Captain Jack Sparrow avoids vengeful pirate ghosts while searching for the Trident of Poseidon in Pirates of the Caribbean: Dead Men Tell No Tales. Henry Turner (Brenton Thwaites), the son of Will Turner (Orlando Bloom), is desperate to locate the Trident of Poseidon, which has the power to break all the curses of the sea, hence freeing his father’s fate as the captain of the Flying Dutchman. Henry seeks the help of Captain Jack Sparrow (Johnny Depp) to find the trident and they also receive the assistance of astrologer Carina Smyth (Kaya Scodelario), who is looking for the Trident for her own reasons. However, on their trail is the vengeful ghost Captain Salazar (Javier Bardem), who enlists the assistance of Captain Hector Barbossa (Geoffrey Rush) to locate Jack Sparrow.
It is hard to believe that it has now been 14 years since 2003’s Pirates of the Caribbean: The Curse of the Black Pearl defied expectations and made a quite enjoyable film, based on a Disney theme park ride. After the initial Gore Verbinski directed trilogy, the series continued with 2011’s Pirates of the Caribbean: On Stranger Tides, directed by Rob Marshall, followed six years later by this new entry directed by Norwegian filmmakers Joachim Rønning and Espen Sandberg (Kon-Tiki).
It would be an understatement to say that this franchise is now starting to show signs of fatigue in its fifth entry. Johnny Depp’s character of Jack Sparrow has practically devolved into self-parody and the former Oscar-nominated character is now one of the least appealing aspects of this series. Also, problematic in the film is the eighteenth century sexism aimed towards lead female Carina Smyth, who is repeatedly called a witch because she is an intelligent woman of science. Also don’t get me started about the film’s Horology joke.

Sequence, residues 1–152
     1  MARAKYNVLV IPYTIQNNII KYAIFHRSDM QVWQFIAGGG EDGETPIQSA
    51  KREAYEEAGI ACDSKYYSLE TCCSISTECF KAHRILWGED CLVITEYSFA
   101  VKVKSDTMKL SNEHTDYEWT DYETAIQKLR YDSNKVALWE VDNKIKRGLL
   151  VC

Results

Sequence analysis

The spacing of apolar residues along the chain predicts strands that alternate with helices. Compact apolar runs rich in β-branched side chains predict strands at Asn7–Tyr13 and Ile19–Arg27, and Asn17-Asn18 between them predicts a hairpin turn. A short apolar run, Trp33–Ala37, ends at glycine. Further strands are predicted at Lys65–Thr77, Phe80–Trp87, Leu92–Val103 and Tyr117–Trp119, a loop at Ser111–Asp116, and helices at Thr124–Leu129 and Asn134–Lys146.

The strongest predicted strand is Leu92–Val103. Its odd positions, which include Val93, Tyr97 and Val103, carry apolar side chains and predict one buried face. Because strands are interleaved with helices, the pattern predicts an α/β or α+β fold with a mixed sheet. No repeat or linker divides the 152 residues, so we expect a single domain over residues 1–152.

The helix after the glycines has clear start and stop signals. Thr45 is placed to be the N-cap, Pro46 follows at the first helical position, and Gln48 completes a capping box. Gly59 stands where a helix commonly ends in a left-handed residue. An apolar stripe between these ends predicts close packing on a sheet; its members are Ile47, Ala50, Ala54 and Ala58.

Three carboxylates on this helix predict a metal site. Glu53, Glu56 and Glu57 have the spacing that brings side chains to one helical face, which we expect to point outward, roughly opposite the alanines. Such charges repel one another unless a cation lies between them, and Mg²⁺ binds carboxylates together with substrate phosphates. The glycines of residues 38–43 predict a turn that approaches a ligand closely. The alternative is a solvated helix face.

Putting aside the fact that the film uses misogyny as a plot element, Pirates of the Caribbean: Dead Men Tell No Tales demonstrates how the series is now pretty much on autopilot. Supernatural villain? Check. Treasure to set the plot in motion? Check. Jack Sparrowisms? Double check. In fact, it is more than obvious that the characters of Henry Turner and Carina Smyth are an attempt to recreate the dynamic between Will Turner and Elizabeth Swan from the original trilogy, both of whom appear in this film in brief cameos.
If there is anything notable about antagonist Captain Salazar its that he is probably the most digitally enhanced of the series’ villains, with his ghostly appearance being somewhat reminiscent of the skeleton pirates from the original film. Speaking of which, this film features some major character developments for Geoffrey Rush’s Captain Barbossa, who has progressed from the original antagonist to a character that’s a lot more intriguing than Jack Sparrow. Also, there is a somewhat ridiculous cameo in the film by Paul McCartney, which serves little purpose other than a tongue-in-cheek nod to the earlier appearances by Keith Richards.
While you can obviously tell that Pirates of the Caribbean: Dead Men Tell No Tales is not without its problems, I still thought that the film turned into a pretty fine send-off for this series. Of course, the post-credits stinger suggests otherwise.